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From "Mindbridge" <mindbridge...@yahoo.com>
Subject Transitions
Date Sun, 21 Sep 2003 11:40:39 GMT
Hi guys,

I'd like to present some ideas for developments in Tapestry. We have been discussing them
with Tsvetelin for a while and we have clear ideas as to how they can be integrated in the
framework, but we will initially present the ideas only conceptually in an attempt to keep
the discussion away from its implementation at the moment and blurring it with details :).
Let's see if the ideas make sense first.

Since there are quite a few things, I will split the descriptions into several emails. 


TRANSITIONS

The way web applications typically operate at the moment is to present a page, wait for the
user to perform some actions, then activate another page depending on the actions of the user.
In a sense this is a state machine, albeit a rather complex one.

Let's call this going from one page to another a "go-to" transition. In those transitions
we do not remember where we came from, we only care where we are at the moment. Those are
the predominant transitions that occur in a web application right now.

Now let's consider a simple "Are you sure?" page that asks the user whether he really would
like to perform the action that he has selected. This page may be activated from a number
of places (when deleting an item from a list, when about to send email, etc.) and upon completion
it must go back to where it was invoked and return a result (ok or cancel). There is an obvious
analogy to that process in the programming world -- invoking a function. Thus, let's name
this process a "call" transition and the set of pages that we call into a 'unit' (to use Geoff's
naming).

Web frameworks do not normally have built-in support for "call" transitions. The reason is
that this is relatively easily implemented in the simpler cases. In Tapestry, for example,
you would have a persistent property in the "Are you sure?" page that will contain the name
of the page where you would have to return once the user responds. This is passed to the page
when it is activated from the place it is invoked.

Unfortunately this approach is limited and does not work in the general case for the following
reasons:

    - The 'unit' may be called recursively. Let's say you call A. It can then call B, which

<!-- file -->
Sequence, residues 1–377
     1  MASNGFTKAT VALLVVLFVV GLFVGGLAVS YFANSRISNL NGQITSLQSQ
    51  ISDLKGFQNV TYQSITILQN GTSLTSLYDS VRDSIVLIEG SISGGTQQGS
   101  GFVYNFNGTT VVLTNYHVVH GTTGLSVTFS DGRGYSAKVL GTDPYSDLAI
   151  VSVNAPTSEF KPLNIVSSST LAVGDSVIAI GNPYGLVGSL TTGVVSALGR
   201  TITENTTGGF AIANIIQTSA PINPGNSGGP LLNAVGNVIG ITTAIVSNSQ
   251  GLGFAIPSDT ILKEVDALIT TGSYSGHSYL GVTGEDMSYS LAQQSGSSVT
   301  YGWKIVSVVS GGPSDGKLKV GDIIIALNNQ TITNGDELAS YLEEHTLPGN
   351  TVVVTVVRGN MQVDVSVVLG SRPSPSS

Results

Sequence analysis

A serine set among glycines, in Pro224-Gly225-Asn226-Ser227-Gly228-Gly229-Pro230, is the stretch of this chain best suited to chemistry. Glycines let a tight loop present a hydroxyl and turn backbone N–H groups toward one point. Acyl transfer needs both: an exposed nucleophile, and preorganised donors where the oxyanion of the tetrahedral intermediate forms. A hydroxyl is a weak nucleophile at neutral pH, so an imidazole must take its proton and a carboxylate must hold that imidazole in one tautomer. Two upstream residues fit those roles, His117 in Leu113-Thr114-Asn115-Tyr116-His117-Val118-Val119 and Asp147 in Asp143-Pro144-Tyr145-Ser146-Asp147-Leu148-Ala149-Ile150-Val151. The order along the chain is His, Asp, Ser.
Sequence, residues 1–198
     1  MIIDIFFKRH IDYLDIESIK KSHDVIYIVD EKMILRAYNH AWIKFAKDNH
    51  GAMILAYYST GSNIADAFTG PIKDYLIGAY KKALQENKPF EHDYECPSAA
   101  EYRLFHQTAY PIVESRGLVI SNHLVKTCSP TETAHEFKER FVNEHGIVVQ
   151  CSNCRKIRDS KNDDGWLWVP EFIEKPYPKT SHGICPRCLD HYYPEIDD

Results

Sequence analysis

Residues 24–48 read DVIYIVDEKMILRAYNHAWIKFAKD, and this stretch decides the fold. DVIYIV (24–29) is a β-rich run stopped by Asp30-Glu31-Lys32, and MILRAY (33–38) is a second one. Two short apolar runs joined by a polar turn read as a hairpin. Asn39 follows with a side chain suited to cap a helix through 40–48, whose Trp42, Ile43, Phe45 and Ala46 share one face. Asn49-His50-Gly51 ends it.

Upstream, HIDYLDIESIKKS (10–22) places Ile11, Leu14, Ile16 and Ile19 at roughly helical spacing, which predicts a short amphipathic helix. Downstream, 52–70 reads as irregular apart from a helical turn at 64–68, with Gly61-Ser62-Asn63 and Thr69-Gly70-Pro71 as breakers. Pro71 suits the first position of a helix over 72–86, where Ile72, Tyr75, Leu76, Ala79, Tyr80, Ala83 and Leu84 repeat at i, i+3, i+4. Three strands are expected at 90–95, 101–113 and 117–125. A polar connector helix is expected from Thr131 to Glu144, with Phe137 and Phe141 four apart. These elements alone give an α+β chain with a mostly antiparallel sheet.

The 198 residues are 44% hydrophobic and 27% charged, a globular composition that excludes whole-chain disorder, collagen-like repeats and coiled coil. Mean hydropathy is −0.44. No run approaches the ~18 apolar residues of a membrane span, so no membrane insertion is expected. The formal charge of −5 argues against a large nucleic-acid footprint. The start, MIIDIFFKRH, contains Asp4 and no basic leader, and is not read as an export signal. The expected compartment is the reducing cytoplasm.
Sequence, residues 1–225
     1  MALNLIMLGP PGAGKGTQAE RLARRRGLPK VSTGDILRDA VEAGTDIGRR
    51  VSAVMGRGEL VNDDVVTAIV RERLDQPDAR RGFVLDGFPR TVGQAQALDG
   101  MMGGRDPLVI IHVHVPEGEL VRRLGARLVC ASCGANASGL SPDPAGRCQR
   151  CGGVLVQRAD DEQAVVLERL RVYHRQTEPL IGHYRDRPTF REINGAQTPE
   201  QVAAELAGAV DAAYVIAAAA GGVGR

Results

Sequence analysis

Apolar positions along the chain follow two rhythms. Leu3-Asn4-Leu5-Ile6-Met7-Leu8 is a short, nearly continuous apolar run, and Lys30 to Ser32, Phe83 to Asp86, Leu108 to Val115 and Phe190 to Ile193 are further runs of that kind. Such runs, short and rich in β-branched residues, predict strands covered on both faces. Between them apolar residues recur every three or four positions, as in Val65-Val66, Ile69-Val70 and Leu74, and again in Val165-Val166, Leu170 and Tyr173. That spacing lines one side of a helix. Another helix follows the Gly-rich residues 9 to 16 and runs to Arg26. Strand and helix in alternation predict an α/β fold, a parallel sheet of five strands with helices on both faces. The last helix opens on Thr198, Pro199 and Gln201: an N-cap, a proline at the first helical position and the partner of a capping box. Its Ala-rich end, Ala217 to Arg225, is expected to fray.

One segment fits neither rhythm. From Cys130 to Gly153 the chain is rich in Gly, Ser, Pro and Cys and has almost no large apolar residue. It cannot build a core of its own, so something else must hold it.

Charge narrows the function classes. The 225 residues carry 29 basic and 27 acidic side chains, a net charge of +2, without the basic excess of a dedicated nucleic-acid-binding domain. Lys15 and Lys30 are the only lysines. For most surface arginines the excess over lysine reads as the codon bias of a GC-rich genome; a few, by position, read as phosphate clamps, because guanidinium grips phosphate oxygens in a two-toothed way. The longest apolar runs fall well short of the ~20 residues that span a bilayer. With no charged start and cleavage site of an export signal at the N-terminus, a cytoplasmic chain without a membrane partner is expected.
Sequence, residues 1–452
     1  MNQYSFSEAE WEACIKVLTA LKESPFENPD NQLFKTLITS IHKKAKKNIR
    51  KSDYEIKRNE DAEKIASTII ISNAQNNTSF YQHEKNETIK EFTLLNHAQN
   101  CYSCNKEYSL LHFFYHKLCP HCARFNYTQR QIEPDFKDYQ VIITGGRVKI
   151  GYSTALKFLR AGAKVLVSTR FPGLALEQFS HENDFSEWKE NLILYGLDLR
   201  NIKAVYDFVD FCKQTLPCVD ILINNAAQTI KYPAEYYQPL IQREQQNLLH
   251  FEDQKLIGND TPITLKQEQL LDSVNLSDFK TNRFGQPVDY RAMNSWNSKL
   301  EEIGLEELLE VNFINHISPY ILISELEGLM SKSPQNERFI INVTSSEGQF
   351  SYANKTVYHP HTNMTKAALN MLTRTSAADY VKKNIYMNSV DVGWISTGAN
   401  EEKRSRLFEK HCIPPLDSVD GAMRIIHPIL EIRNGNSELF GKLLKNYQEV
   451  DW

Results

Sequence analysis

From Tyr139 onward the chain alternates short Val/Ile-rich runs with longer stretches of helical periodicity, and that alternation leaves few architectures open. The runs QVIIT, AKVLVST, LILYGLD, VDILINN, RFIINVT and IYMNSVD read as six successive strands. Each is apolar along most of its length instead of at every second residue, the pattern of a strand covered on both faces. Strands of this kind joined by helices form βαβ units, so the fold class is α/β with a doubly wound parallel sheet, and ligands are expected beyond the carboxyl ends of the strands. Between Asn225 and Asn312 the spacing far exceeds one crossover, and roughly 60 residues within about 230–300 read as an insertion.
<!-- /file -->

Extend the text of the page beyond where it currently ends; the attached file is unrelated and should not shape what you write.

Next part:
could then call A again. When using the approach above you would know where to go back in
the latter transition, but you would lose this information about the first one. A 'stack'
is necessary to remember who has been invoked and by whom (cf. functions).

    - The 'unit' may be more complex and contain a set of several pages. You should theoretically
be able to easily 'return' from any of these pages.

    - The infamous Back and Refresh buttons that users like to use a lot may cause havoc in
the organization of the application. For example, X calls A, which calls B, which calls A
again. Instead of responding to what he sees, the user presses 'Back' until he reaches the
first A and clicks on a button there. This is a 'check-mate' for simpler schemes. They would
perform improper actions unrelated to what the user sees on screen at that point and return
you to B rather than X. In most cases even the simplest user actions involving 'call' transitions
and the Back button are problematic without a special scheme for handling that. 


Should the framework support 'call' transitions, essentially allowing the Web UI equivalent
of functions?

The big problem is this: whether one likes it or not, 'call' transitions cannot really be
avoided in more complex applications. The developers may try to work around them by rearranging
the interface, but there are always things like the 'Are you sure?' page above that lend themselves
naturally to the 'call' approach and would require a lot of copy-paste (at least) to work
around that. Even so, people are rarely fully protected against the Back button issues described
above.

Our experience: A long time ago we developed a Stack component (written by Tsvetelin) that
allows something like what was described above. We did not intend to use it a lot initially,
but nowadays it pops up regularly in the UIs we develop. Basically, when you have a new tool
in your toolbox, you start using the actions that this tool allows far more frequently. Over
the months this component has improved greatly, adding handling for the Back button, etc.
Nevertheless, it is clear that it cannot provide everything necessary -- support from the
framework proper is sorely needed. What's more, it is natural to have this support there,
in the same way that programming languages have support for functions -- you can do far more
complex stuff much more easily. The fact that this could make Tapestry far better and more
usable than the competition is just an additional perk :)


Before I go further, do you think this needs to be considered? 


Best regards,
-mb

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